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Carelessness and tax avoidance: the new rules

If HMRC find that your tax return understates your tax liability, you can expect them to raise the question of penalties:  but only if the inaccuracy was either deliberate or due to your carelessness.  To put it another way, if you take “reasonable care” to get your tax right, you cannot become liable to pay a penalty even if, despite your efforts, the tax return turns out to be wrong.  Happily, the onus is on HMRC to show that you have been “careless”, not on you to show that you haven’t.

Taking “reasonable care” means, broadly, doing whatever a reasonable person genuinely doing his or her best to comply with the law would do.  If you’re uncertain about something, taking a wild guess or relying on what the bloke at the pub told you isn’t taking reasonable care: taking (and following) advice from someone who is ostensibly competent normally is.

However, there is now a very important caveat where “avoidance arrangements” are involved.  This applies to tax returns for 2017/18 and subsequent years.

Where “avoidance arrangements” prove not to have the intended effect (with the result that your tax return relying on their efficacy is incorrect), you will be treated as having taken “reasonable care” only if any advice on which you have relied meets all of the three following conditions, namely:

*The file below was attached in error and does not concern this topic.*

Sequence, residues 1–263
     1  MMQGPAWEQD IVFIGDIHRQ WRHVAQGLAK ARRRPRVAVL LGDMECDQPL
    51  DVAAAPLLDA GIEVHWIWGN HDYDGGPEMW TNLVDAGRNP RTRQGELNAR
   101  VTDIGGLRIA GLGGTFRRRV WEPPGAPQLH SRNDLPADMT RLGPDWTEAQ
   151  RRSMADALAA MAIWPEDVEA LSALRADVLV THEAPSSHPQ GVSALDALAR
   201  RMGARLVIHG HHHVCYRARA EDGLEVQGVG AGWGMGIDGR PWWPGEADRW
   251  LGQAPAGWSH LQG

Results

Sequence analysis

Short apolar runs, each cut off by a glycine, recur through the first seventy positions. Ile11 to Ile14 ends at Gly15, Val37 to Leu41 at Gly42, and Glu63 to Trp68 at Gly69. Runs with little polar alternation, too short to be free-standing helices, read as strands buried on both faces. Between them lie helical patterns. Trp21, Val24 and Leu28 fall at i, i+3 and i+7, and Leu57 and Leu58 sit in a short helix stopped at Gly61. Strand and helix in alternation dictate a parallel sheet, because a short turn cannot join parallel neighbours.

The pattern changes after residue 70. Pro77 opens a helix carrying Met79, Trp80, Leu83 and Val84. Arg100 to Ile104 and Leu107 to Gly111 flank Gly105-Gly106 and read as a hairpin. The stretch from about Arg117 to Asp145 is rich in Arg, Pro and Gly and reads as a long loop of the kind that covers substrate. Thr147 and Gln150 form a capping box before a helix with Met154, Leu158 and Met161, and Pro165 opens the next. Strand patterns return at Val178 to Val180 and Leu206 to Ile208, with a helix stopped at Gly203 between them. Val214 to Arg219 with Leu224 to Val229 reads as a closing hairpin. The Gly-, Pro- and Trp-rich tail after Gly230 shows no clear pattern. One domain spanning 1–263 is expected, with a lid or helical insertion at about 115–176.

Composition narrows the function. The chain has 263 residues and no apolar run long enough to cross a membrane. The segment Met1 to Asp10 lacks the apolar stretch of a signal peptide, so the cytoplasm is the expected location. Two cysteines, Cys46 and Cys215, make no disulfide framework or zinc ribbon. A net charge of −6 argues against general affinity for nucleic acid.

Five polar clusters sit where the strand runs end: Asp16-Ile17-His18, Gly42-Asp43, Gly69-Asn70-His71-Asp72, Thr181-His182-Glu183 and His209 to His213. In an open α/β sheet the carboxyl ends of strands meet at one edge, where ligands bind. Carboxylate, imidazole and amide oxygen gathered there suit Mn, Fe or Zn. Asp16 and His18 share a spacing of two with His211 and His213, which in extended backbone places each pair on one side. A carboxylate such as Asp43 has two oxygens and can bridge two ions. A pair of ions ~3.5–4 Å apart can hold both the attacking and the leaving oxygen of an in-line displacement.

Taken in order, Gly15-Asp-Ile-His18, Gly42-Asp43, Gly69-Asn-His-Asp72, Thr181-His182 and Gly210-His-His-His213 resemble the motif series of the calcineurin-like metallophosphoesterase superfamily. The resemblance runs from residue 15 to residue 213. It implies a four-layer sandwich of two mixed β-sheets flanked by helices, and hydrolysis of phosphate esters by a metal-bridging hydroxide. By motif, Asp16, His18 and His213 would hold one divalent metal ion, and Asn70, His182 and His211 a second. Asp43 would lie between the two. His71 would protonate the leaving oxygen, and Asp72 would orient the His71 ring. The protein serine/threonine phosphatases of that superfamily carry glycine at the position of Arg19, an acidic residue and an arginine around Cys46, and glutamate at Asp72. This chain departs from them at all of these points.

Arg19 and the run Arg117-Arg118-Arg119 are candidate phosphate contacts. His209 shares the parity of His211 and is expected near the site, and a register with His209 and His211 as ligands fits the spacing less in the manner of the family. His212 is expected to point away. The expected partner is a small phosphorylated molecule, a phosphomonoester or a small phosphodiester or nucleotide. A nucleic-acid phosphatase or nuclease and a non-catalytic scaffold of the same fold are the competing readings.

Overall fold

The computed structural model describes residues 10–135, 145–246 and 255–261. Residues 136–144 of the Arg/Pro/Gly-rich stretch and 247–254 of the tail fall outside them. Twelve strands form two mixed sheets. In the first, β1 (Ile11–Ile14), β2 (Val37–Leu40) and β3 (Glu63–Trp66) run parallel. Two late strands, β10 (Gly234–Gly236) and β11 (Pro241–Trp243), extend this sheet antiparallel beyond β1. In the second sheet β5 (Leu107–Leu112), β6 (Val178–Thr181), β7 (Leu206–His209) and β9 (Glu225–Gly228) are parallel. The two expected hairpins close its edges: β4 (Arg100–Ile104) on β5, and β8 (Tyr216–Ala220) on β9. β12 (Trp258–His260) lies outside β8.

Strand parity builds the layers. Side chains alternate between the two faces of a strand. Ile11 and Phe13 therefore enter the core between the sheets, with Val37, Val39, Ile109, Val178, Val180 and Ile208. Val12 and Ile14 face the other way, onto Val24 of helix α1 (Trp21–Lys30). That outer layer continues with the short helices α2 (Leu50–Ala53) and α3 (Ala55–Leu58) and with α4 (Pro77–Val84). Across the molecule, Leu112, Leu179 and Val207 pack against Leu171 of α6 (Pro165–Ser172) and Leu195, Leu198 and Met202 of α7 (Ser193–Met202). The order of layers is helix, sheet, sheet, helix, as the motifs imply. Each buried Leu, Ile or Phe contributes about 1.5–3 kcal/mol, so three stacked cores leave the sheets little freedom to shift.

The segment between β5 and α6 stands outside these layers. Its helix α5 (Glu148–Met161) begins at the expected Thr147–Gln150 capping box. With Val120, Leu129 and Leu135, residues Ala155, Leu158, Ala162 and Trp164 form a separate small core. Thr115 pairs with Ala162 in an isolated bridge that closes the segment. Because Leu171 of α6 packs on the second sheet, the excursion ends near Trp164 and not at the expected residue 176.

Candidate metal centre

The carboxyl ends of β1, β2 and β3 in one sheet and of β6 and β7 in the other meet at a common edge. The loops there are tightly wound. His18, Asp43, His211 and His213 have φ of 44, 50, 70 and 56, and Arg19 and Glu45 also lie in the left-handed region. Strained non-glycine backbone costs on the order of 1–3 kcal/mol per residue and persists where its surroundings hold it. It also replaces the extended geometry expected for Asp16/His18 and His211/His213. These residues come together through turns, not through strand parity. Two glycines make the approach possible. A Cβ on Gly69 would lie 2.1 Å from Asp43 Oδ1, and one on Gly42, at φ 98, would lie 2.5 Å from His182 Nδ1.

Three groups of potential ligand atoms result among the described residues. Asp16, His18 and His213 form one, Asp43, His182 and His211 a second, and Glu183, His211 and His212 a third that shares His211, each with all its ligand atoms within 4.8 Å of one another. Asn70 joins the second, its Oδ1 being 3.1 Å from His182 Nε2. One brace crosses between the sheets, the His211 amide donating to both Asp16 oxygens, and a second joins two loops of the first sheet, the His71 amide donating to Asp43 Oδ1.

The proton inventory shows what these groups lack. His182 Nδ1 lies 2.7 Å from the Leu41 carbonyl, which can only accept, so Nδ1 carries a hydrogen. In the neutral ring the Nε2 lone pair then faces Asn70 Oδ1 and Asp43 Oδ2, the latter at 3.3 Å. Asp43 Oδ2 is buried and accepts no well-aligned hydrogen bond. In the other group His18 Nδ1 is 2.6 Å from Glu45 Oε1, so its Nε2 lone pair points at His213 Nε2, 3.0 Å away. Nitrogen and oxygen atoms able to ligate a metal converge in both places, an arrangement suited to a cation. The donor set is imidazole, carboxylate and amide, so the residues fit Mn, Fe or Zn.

• The advice was given to you neither by an “interested person” (defined as, broadly, someone participating in or facilitating the planning arrangements) nor by someone introduced to you by an interested person.  So, for example, where you have been sold a tax planning scheme, you can’t rely on advice given by the person who sold it to you.
  • The person giving the advice had appropriate expertise (thus denying you reliance on the advice of the bloke at the pub).
  • The advice was addressed specifically to you and took account of your individual circumstances (thus denying you reliance upon, for example, a generic Counsel’s opinion made available to participants in a scheme).

Where you are simply unsure of the correct treatment of a particular transaction or situation (whether a gain is chargeable to tax, for example, or whether a particular expense is tax-deductible) and there is no element of avoidance involved, the law remains as it always has been:  if you have done whatever a conscientious reasonable person would do (which might depend on all the circumstances, including the nature of the uncertainty and the amount involved) you have not been careless.

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